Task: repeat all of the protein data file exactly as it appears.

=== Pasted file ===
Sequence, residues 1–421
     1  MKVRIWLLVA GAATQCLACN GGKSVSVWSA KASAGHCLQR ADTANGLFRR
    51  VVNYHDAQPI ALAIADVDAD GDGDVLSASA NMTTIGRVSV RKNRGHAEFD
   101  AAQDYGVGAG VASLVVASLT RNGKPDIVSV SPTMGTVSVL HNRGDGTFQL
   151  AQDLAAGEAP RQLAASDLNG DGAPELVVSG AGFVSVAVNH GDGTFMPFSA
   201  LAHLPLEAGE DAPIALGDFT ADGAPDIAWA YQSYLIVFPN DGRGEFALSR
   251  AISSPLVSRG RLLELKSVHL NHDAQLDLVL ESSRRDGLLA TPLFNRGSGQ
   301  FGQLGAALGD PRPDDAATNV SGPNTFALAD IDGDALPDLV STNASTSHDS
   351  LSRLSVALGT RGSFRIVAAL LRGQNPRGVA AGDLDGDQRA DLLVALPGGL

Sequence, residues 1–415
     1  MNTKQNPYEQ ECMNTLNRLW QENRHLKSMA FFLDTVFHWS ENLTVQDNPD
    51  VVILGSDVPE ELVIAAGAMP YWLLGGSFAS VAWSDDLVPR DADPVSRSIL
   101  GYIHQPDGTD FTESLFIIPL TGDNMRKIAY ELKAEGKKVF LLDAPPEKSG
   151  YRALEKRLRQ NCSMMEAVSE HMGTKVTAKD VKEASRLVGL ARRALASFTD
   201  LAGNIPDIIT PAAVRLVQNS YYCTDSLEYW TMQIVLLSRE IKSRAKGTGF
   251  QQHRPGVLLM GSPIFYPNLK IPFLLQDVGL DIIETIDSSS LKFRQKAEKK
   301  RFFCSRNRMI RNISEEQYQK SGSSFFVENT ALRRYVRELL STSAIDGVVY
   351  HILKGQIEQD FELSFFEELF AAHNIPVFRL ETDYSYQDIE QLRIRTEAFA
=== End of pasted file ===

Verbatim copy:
Sequence, residues 1–421
     1  MKVRIWLLVA GAATQCLACN GGKSVSVWSA KASAGHCLQR ADTANGLFRR
    51  VVNYHDAQPI ALAIADVDAD GDGDVLSASA NMTTIGRVSV RKNRGHAEFD
   101  AAQDYGVGAG VASLVVASLT RNGKPDIVSV SPTMGTVSVL HNRGDGTFQL
   151  AQDLAAGEAP RQLAASDLNG DGAPELVVSG AGFVSVAVNH GDGTFMPFSA
   201  LAHLPLEAGE DAPIALGDFT ADGAPDIAWA YQSYLIVFPN DGRGEFALSR
   251  AISSPLVSRG RLLELKSVHL NHDAQLDLVL ESSRRDGLLA TPLFNRGSGQ
   301  FGQLGAALGD PRPDDAATNV SGPNTFALAD IDGDALPDLV STNASTSHDS
   351  LSRLSVALGT RGSFRIVAAL LRGQNPRGVA AGDLDGDQRA DLLVALPGGL

Sequence, residues 1–415
     1  MNTKQNPYEQ ECMNTLNRLW QENRHLKSMA FFLDTVFHWS ENLTVQDNPD
    51  VVILGSDVPE ELVIAAGAMP YWLLGGSFAS VAWSDDLVPR DADPVSRSIL
   101  GYIHQPDGTD FTESLFIIPL TGDNMRKIAY ELKAEGKKVF LLDAPPEKSG
   151  YRALEKRLRQ NCSMMEAVSE HMGTKVTAKD VKEASRLVGL ARRALASFTD
   201  LAGNIPDIIT PAAVRLVQNS YYCTDSLEYW TMQIVLLSRE IKSRAKGTGF
   251  QQHRPGVLLM GSPIFYPNLK IPFLLQDVGL DIIETIDSSS LKFRQKAEKK
   301  RFFCSRNRMI RNISEEQYQK SGSSFFVENT ALRRYVRELL STSAIDGVVY
   351  HILKGQIEQD FELSFFEELF AAHNIPVFRL ETDYSYQDIE QLRIRTEAFA